Introduction: Coffee Table Upgrade!
Summary: Extra storage and a top that raises up to meet you - and your needs!
What's the job of a coffee table these days?
Rest your drinks on?
A stable surface for the odd TV dinner?
Rest your feet on?
How about storage?
What about laptops? Ever bent over your coffee table to use your laptop? How about sitting on the floor and trying it?
Several years ago, we bought a coffee table that was pretty much what we wanted.
It was large, rustic-looking and solidly built.. but a bit high!
We'd find that we'd sit back on the couch at the end of the day and put our feet up, only to find the coffee table was so much higher than the seat of the couch that it would soon be biting into our achilles tendons.
It was last day of my holidays and I found myself sitting back, watching "Hot Fuzz". After shuffling my legs about on the table trying to get comfortable I thought it was about time to put a long held plan into action.....
So, I checked with the boss and she liked the sound of my idea - mod the coffee table or get a new one!
-Lower the coffee table
-Add storage area/s
-Add some kind of funky lid to get to the storage areas
Step 1: What You'll Need..
Tools I used..
Screw drivers (electric driver/drill makes this more fun)
Pinch/wrecker bar or something similarly thin and strong to prevent you bending your screw driver.
Old blanket to catch splintered wood, screws, scraps and keep the boss happy ;)
Oh, and ear protection (hammering the pinch bar and smacking at the wood from the underside of the table generated a fair bit of noise and caused my ears to ring before I grabbed the 'muffs)
Parts required to make something similar at your place..
A similar table to start with ;) - Something with a fairly heavy base if you are going to make it open up..
Hardwood for the cantilever hinge
Any extra wood required for shelves etc.
Replacement wood for any bits you damage
(I had to sacrifice the top routed edging as it was nailed and glued to the table and the table top)
Step 2: Dismantling the Old..
After gathering my tools into the lounge so that I could finish watching the movie *grin* I began to dismantle the table.
I started by removing;
the drawer - I slid it out,
the black steel edging pieces - unscrewed them with the electric drill and a phillips #2 bit,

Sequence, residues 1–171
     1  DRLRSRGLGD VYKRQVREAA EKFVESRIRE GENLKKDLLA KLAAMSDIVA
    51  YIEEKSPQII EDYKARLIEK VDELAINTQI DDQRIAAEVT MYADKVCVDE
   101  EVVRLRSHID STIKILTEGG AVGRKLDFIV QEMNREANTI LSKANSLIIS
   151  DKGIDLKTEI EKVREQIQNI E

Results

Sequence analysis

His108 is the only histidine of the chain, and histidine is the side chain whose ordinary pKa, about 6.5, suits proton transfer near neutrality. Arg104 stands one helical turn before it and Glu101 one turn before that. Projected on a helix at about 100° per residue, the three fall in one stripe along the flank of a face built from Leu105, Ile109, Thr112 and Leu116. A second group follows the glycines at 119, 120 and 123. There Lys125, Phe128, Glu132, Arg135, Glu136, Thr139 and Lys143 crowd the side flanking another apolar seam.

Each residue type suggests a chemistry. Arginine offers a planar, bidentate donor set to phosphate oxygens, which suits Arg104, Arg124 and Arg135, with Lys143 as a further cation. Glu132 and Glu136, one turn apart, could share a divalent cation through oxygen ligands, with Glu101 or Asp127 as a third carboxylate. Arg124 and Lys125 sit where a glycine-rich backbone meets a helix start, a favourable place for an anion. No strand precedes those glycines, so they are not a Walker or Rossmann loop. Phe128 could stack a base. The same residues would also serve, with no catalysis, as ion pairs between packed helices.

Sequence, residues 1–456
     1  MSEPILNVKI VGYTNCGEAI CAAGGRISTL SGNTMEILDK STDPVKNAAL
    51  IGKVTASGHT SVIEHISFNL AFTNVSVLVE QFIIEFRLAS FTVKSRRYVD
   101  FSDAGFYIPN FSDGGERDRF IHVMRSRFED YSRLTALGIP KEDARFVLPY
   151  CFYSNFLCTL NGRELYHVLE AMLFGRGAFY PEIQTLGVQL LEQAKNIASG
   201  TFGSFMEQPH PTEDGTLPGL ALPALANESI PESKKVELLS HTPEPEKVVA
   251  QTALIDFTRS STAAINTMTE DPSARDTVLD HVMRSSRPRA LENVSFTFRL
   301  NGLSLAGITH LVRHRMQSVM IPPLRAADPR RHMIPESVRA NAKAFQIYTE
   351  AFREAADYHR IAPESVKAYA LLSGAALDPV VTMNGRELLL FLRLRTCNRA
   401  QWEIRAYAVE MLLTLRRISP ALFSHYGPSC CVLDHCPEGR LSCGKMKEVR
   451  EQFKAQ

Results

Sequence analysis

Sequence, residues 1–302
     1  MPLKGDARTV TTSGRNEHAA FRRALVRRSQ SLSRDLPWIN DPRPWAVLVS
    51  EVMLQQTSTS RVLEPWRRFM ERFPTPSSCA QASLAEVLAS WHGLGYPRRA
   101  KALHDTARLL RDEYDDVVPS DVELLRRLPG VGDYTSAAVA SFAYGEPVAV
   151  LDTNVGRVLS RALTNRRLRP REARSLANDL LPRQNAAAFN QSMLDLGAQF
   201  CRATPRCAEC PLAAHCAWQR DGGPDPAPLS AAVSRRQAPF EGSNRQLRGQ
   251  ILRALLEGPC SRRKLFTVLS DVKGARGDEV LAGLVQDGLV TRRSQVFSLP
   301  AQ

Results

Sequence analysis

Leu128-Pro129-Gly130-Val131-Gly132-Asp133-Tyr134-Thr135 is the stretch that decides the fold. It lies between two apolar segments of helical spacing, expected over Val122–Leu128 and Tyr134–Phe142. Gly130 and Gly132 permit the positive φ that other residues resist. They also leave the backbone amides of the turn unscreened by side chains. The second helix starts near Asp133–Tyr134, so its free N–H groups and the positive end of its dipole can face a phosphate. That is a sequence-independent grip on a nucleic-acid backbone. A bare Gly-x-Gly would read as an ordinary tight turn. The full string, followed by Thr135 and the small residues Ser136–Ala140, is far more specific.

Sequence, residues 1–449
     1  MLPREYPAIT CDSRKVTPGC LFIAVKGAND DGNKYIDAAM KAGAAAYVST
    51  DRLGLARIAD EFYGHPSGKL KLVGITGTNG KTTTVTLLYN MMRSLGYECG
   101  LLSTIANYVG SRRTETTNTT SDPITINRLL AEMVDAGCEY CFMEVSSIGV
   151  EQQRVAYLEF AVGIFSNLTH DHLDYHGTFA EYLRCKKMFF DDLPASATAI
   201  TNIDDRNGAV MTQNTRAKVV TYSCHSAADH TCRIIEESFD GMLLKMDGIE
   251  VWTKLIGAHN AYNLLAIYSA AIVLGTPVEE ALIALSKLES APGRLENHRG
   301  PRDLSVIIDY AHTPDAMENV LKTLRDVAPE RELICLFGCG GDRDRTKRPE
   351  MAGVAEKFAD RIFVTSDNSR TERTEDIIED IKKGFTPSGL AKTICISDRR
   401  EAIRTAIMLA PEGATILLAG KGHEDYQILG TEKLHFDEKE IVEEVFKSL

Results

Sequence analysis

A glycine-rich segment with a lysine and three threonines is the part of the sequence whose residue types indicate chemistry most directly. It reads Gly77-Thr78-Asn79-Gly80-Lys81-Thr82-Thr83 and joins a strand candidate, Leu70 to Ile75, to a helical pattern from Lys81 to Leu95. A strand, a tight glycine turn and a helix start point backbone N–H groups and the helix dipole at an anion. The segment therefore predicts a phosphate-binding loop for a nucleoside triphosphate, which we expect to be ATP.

the wheels - unbolted them (these were my first mod to the coffee table as soon as I got it home)
the legs - unscrewed the 4 inch screws and smacked them off with the handle of the hammer to break the glue,
the bottom routed edging - these were glued and nailed, so it got interesting here. patience was the key. I used the pinch bar to gently prise them off, starting at one end and moving along.
the top surface and the top routed edging - trying not to break the wood, I prised the table top away from the base and the routed edging.
In the end I got impatient and frustrated and kicked at the table from the under side.
I can't recommend this as it split the wood of the table top.. fortunately I noticed before I kicked a hole straight through ;)
Step 3: Now That You've Broken It, What Is the Plan?
Time to make some choices..
Hinge the table top from one side? - I chose not to. You'd either have to remove everything off the top or tip everything off. Also, in my case I had design issues with the routed edging at the top making any kind of simple hinges difficult.
Mount the top on a slide? - That could work.. some kind of drawer rails.
Would probably require a commercial kit, but could look cool. Hmm.. not as good as my other idea.
What about splitting it in half and hinging both halves? Or having both halve slide open?
I considered it..
What about a cantilever hinge? Yeah, I think I like that best..
Cantilever (like the hinges on the toolboxes below) means the top will be flat while it is closed/open and while it is opening.
Okay.. now what about storage options?
I had considered storage bins on either side of the existing drawer.
After looking at how the cantilever hinges would work I realised there wouldn't be much room for storage bins in the side.. I also figured that bins wouldn't be so practical.
So I took some measurements and considered a tray above the drawer.. I went with this option.
Step 4: Working Out the Hinges..
Okay, so I didn't take photos of the scrap wood I used to get rough measurements.. but you will get the idea.
I used the scrap wood to confirm my assumed knowledge and workings of cantilever hinges without wasting the hardwood in testing.
I didn't do much measuring, other than working out the maximum size I could make the hinges and have them fit in the table.
I should probably have also compared it to the couch..
I can't give you much more of a guide than to say look at the pictures below.